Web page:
Words for blind, one-eyed and related words in Celtic languages.

One-eyed squirrel

Proto-Celtic *dallos = blind
Old Irish (Goídelc) dall = blind
Middle Irish (Gaoidhealg) dall, dáll, = blind, dark, gloomy,
daillín = blind man
dalla(id) = to blind, deprive of sight, darken, obscure
dallóc = a little blind animal, mole, leech
Irish (Gaeilge) dall [d̪ˠaul̪ˠ/d̪ˠɑːl̪ˠ/d̪ˠɑl̪ˠ] = blind person, dull, uninformed person, dimness, gloom, obscurity, to blind, dazzle, daze, stupefy
dallacán = purblind person, dim-witted person, fool, mask
dallacántacht = purblindness, dim-wittedness
dallachar = dazzle
dalladh = blinding, dazzlement, plenty, lashings
dallaigeanta = dull-witted
dallamlán = stupid fool, dolt
Scottish Gaelic (Gàidhlig) dall [daul̪ˠ] = blind, obscure, blind person
dallaran = blind person
dalladh [dal̪ˠəɣ] = blinding, misleading
dall-bhrat = blindfold
dallanach = dark, gloomy, inebriated
dallta = blinded, deceived, mislead
Manx (Gaelg) doal = blind, sightless, unseeing
dallaghey = to befog, blind, daze, dazzle, glare
doallaghey, doalley, doallee = blind, blinding
Proto-Brythonic *dall [ˈdal͈] = blind
Middle Welsh (Kymraec) dall, dâll = blind, unseeing, dark, random
dallaf = to blind, dazzle, deceive, darken
dallineb, dallinep = blindness, folly, recklessness
Welsh (Cymraeg) dall [da(ː)ɬ] = blind, unseeing, dark, random, purblind, ignorant, rash, thoughtless, mistaken, blind person
dallaf, dallu = to blind, dazzle, deceive, darken
dallaidd = blindness, purblind
dallan = blind person
dalledig = blinded, darkened
dallineb = blindness, folly, recklessness
Old Cornish dal = blind
Middle Cornish (Cernewec) dall = blind
dalla = to (make) blind
Cornish (Kernewek) dall = blind
dalla = to blind
dallhe = to blind, dazzle
Middle Breton (Brezonec) dall, dal = blind, blunt, blinkered
dallaff, dallañ, dalliñ = to gouge out sb’s eyes, to blind, to fill a hole, to blunt, crumble
dallente, dallentez, dallezh = blindness
dallet = blinded
Breton (Brezhoneg) dall [ˈdalː] = blind, blunt, blinkered, dead end
dallentez, dallezh = blindness

Etymology: from PIE *dʰwl̥no-, from *dʰwolno (to dim, make obscure) [source].

Words from the same roots include dull and dwell in English, toll (great, nice, wonderful) in German, dol (crazy, silly, mad, mindless, irate) in Dutch, and dulls (crazy, mad) in Latvian.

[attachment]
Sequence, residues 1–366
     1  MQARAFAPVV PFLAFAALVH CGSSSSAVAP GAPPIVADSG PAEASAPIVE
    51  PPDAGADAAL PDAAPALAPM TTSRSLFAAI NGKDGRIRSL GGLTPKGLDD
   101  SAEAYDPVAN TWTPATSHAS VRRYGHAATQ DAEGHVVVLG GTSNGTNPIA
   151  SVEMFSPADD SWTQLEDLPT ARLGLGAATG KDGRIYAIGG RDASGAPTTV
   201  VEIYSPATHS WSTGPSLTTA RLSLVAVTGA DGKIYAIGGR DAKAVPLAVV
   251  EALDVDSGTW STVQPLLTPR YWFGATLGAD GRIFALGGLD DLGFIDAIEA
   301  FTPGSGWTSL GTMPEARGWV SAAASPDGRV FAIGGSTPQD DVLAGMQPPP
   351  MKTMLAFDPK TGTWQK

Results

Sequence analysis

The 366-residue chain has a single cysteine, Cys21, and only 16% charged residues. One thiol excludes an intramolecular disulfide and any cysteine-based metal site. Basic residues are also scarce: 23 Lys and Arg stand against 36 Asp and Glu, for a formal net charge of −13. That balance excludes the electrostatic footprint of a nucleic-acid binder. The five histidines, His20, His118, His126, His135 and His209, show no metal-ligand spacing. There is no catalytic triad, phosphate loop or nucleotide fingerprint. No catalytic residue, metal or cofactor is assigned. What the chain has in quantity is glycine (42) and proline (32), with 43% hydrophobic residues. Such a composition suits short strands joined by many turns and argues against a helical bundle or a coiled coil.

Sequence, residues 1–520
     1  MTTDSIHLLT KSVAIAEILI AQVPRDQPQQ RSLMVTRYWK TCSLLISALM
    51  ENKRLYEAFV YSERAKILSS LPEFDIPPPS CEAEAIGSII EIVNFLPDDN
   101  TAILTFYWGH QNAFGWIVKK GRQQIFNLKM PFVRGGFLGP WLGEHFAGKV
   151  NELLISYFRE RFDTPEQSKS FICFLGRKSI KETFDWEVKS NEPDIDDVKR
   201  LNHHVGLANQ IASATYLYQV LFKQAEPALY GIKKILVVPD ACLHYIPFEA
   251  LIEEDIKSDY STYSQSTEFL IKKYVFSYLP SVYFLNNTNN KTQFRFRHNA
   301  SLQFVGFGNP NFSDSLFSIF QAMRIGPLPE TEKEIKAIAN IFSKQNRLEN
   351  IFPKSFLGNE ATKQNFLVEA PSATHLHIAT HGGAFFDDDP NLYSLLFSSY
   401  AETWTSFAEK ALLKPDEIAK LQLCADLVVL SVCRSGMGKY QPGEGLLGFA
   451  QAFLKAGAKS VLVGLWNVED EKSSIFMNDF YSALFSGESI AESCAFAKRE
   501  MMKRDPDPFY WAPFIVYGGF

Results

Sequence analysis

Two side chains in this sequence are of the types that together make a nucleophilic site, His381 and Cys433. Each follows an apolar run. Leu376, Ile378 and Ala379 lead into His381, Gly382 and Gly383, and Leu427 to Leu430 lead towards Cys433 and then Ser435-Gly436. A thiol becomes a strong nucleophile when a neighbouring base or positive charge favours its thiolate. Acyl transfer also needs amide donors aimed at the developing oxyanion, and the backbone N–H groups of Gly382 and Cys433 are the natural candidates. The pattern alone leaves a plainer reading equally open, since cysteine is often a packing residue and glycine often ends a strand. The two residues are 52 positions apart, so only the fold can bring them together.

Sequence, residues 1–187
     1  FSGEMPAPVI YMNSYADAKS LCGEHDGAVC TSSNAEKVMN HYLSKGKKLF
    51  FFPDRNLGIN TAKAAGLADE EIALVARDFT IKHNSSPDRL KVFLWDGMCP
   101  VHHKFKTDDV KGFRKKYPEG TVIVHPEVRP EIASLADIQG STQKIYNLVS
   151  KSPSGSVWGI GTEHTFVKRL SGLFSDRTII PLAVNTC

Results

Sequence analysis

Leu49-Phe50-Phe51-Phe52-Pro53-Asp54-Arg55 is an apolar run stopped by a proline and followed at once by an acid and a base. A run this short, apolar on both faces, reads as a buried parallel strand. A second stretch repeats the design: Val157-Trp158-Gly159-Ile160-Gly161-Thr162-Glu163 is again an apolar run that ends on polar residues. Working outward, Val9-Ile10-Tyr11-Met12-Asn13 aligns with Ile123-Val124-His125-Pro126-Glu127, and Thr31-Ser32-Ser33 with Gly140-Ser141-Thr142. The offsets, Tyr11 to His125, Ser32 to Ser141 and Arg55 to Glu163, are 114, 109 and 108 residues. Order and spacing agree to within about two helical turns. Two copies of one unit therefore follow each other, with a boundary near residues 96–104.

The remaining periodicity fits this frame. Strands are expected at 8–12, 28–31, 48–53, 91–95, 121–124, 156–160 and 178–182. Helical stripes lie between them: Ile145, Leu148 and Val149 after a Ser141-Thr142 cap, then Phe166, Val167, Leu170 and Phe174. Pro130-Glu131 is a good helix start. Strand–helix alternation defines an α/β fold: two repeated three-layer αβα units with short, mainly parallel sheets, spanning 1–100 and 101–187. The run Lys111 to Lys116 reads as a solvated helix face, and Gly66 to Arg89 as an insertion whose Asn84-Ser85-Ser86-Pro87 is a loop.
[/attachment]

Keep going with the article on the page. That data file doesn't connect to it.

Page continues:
Proto-Celtic *kaikos/*kayko- = one-eyed, blind
Old Irish (Goídelc) cáech [kaːi̯x] = blind in one eye, empty
cáechaid = to blind
cáechán = one-eyed person, blind creature
Middle Irish (Gaoidhealg) cáech = blind in one eye, empty
cáechaid = to blind
cáechán = one-eyed person, dimsighted creature
cáiche = state of being one-eyed, blind in one eye
cáichén = an ignorant person
Irish (Gaeilge) caoch [keːx/kiːx] = blind, purblind person / creature, empty, closed up; to blind, daze, dazzle, close, become blocked, wink
caochadh = to wink, close
caochadóir = purblind creature
caochaíl = purblindness, blockage
caochán = purblind creature, mole
caochóg = purblind person, cubby-hole
Scottish Gaelic (Gàidhlig) caoch [kɯːx] = empty, hollow, blind (creature)
caochag = empty / hollow object, dummy
caochadh [kɯːxəɣ] = blinking, shutting one eye, winking, peeping, ogling
bealach-caoch = cul-de-sac
Manx (Gaelg) kyagh = weak-eyed
kyaght = blindness
kyragh = blind
bollagh kyagh = cul-de-sac
Proto-Brythonic *koɨg = vain, empty, one-eyed, blind (?)
Middle Welsh (Kymraec) coeg, coec, koeg = vain, empty, false, deceitful; blind, one-eyed
koegi to deride, mock, deteriorate; become blind
koec ddall, koegddall = purblind, half-blind, shortsighted, one-eyed, squinting
Welsh (Cymraeg) coeg [koːɨ̯ɡ/kɔi̯ɡ] = vain, empty, false, deceitful, mean, evil, good-for-nothing, arrogant, scornful, sarcastic; blind, one-eyed, squinting
coegaf, coegi = to deride, mock, lampoon, use sarcasm; to be(come) worthless, deteriorate; to become blind, have defective eyesight, darken
coegaidd = vain, empty, haughty, conceited, saucy
coegathrawgar = pedantic
coegathro = pedant
coegbeth = worthless thing, triviality, trifle, bauble
coegddall = purblind, half-blind, shortsighted, one-eyed, squinting
Old Cornish cuic = one-eyed, blind
Middle Cornish (Cernewec) cuic = blind in one eye
Cornish (Kernewek) koog = vain, worthless, barren, infertile

Etymology: from PIE *kéh₂ikos (one-eyed, blind) [source].

Words from the same roots include caecus (blind) and caecum (uncertainity, obscurity) in Latin, cécité (blindness) in French, ciego (blind, blind person, very drunk, caecum) in Spanish, and caecum (a part of the intestine) in English [source].

Incidentally, purblind means partially blind, dim-sighted, dim-witted, unintelligent, and used to mean blind or having one eye [source].

Words marked with a * are reconstructions.

Sources: Wiktionary, Am Faclair Beag, Online Manx Dictionary,, eDIL – Electronic Dictionary of the Irish Language, In Dúil Bélrai English – Old Irish glossary, Geiriadur Prifysgol Cymru, Gerlyver Kernewek, Dictionaire Favereau, TermOfis, English – ProtoCeltic WordList (PDF), Etymological Dictionary Of Proto Celtic

Blubrry podcast hosting

Leave a Reply

Your email address will not be published. Required fields are marked *